planned to explore aspects of the natures of place and space are  
asked to contact the organizers in advance.

The day of the workshop will be divided between exercises and  
discussions.  It will begin with a brief round of introductions,  
followed by an exercise on location.  This is intended to explore  
differences in awareness of location and the differential meanings  
carried by the respective terminologies of place and space.  The next  
segment will be the presentation and discussion of participants'  
reports on their own studies of place and space, either sent in  
advance or brought to the workshop.  The morning will conclude with a  
game on place, space, and design.

During lunch, participants will encounter places and boundaries in  
Trento.  There will be a directed exercise to do during lunch of  
attempting to recognize and identify places and boundaries and  
observing actual or potential transgressions.  When we reassemble,  
the first part of the afternoon session will be a discussion of this  
exercise and our observations.  The next exercise will be on  
transgressions of place and space, drawing on our observations and  
discussions from the lunch-time exercise and including the uses and  
misuses of technology for such purposes.  The final segment will be  
the presentation and discussion of participants' position statements,  
which is expected to evolve into a general discussion of place,  
space, and design.

This workshop is limited to ten participants in addition to the  
organizers.  Registration for the workshop is accomplished during  
registration for the conference.  However, those intending to  
participate are also asked to e-mail Julian Orr  
<[log in to unmask]>, so we may know who is coming.  Position  
statements and reports on previous studies of place and space should  
be sent to the same address.  Those with digital cameras should bring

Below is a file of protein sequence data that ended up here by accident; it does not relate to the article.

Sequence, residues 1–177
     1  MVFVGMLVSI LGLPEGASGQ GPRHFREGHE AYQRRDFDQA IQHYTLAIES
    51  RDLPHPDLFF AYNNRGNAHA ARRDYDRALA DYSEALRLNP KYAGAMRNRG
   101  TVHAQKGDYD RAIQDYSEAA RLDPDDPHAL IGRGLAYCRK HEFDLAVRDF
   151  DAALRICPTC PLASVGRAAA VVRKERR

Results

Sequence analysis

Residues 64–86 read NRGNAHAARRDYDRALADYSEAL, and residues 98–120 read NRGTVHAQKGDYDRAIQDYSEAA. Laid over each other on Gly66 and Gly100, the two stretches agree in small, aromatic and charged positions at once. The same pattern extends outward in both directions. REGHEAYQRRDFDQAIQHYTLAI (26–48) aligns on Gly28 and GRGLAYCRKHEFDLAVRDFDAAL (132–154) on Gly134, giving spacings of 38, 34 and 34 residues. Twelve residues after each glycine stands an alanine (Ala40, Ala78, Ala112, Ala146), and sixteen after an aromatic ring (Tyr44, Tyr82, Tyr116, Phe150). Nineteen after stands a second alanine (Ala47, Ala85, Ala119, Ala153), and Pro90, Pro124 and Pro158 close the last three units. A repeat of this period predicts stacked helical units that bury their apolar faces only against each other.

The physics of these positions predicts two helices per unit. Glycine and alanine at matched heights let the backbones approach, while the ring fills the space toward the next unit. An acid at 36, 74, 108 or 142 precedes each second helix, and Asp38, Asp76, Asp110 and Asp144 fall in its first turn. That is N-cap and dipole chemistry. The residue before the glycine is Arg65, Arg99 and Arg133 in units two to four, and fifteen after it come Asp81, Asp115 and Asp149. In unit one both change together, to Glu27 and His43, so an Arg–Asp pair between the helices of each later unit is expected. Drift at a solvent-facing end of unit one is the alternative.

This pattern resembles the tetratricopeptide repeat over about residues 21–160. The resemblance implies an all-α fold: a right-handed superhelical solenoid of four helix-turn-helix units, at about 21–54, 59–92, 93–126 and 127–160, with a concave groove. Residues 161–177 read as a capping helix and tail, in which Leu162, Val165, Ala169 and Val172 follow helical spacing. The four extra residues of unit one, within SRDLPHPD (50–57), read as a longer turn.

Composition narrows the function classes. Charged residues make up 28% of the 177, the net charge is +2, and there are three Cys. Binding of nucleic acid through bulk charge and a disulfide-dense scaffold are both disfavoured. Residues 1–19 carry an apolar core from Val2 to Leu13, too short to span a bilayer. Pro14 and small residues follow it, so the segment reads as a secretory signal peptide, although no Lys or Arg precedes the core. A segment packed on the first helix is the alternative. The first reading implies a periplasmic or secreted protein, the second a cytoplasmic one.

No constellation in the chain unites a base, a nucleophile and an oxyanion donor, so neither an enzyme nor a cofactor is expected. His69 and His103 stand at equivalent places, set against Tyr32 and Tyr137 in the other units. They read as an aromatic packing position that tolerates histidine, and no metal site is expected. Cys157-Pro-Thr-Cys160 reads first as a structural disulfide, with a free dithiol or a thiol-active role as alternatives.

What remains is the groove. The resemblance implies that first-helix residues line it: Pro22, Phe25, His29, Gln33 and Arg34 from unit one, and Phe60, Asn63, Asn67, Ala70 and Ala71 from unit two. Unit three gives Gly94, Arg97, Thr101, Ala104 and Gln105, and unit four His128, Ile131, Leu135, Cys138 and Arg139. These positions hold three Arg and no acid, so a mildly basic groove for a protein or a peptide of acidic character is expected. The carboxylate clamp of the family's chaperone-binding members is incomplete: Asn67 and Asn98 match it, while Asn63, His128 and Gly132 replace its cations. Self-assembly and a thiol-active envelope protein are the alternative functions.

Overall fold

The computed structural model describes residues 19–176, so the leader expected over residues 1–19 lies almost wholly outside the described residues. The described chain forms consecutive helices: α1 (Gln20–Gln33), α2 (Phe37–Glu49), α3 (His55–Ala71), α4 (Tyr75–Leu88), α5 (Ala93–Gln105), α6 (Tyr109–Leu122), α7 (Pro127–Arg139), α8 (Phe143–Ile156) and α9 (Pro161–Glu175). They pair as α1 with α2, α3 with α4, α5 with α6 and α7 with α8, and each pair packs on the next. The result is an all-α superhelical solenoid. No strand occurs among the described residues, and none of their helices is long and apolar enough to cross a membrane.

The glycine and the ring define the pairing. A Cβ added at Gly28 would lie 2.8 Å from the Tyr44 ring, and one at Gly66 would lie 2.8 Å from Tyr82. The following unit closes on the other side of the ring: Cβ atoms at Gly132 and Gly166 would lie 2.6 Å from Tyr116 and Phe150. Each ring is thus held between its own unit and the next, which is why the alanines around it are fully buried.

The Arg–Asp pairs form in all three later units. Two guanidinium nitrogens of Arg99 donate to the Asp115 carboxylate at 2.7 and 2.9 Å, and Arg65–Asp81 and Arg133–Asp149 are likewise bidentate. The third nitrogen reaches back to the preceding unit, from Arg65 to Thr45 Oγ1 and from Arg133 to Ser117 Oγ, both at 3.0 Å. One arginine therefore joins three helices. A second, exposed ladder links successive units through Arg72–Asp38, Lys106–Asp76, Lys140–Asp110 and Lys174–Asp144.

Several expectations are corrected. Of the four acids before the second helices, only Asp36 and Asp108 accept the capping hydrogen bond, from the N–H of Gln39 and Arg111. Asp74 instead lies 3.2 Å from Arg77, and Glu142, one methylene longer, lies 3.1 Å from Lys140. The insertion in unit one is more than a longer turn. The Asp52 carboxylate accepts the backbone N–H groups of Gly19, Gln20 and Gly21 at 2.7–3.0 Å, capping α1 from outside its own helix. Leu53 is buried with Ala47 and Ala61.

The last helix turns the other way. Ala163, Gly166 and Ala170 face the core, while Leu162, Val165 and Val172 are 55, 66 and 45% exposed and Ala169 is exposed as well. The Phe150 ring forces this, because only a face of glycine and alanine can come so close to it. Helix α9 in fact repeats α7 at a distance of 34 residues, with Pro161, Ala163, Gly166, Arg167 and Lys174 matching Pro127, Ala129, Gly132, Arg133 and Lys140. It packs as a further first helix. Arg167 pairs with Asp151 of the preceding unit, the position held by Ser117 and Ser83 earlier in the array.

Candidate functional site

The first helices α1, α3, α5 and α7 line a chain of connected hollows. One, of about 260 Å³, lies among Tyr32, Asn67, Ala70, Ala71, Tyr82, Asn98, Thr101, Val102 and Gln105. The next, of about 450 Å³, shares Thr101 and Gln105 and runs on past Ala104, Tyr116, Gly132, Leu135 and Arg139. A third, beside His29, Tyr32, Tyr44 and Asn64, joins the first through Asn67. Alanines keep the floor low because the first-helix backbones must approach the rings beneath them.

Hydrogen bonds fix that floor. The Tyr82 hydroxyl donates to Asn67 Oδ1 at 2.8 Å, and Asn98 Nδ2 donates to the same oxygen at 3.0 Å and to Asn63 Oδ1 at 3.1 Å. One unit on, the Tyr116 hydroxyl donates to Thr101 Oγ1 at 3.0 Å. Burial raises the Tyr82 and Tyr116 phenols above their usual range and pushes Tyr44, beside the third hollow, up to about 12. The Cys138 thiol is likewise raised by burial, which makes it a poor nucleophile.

them for the lunch-time exercise, or participants may consider how  
else to register and record places.

1.  Casey, Edward. How to Get from Space to Place in a Fairly Short  
Stretch of Time:  Phenomenological prolegomena. In Feld and Basso,  
Senses of Place.  Santa Fe, NM:  School of American Research Press,  

Julian E. Orr, Black Sheep Farm, P.O. Box 577, Pescadero, CA, 94060,  
USA.  [log in to unmask] tel. +1 650-879-0066.

Thomas Binder, Center for Design Research, Royal Academy of Fine  
Arts, School of Architecture, Philip de Langes Allé 10, DK-1435  
Copenhagen K, Denmark, [log in to unmask], tel:+45 3268 6365,  
mobile: +45 5091 4326.

Prof. dr. Dvora Yanow, Department/Afdeling Culture, Organization &  
Management, Faculteit Sociale Wetenschappen, Vrije Universiteit, De  
Boelelaan 1081, 1081 HV Amsterdam, THE NETHERLANDS,  
[log in to unmask], tel. +31 (0)20 598 2653 (direct line), +31 (0)6  
4674 1479 (cell).

Erling Björgvinsson, Arts and Communication, Malmö University,  
Beijerskajen 8, 205 06 Malmö, Sweden. [log in to unmask]

Steven Harrison, Dept of Computer Science, 510 McBryde Hall - 0106,  
Virginia Tech, Blacksburg, VA 24061, [log in to unmask], http://, tel. +1 540-231 - 7783

Gunnar Sandin, Lund University, School of Architecture, Box 118, 221  
00 Lund, Sweden. [log in to unmask]

Genevieve Bell, Domestic Designs and Technologies Research, Digital  
Home Group, 2111 NE 25th Ave, MS JF1-251, Hillsboro, OR 97124,  
[log in to unmask], tel. +1 503-264-7510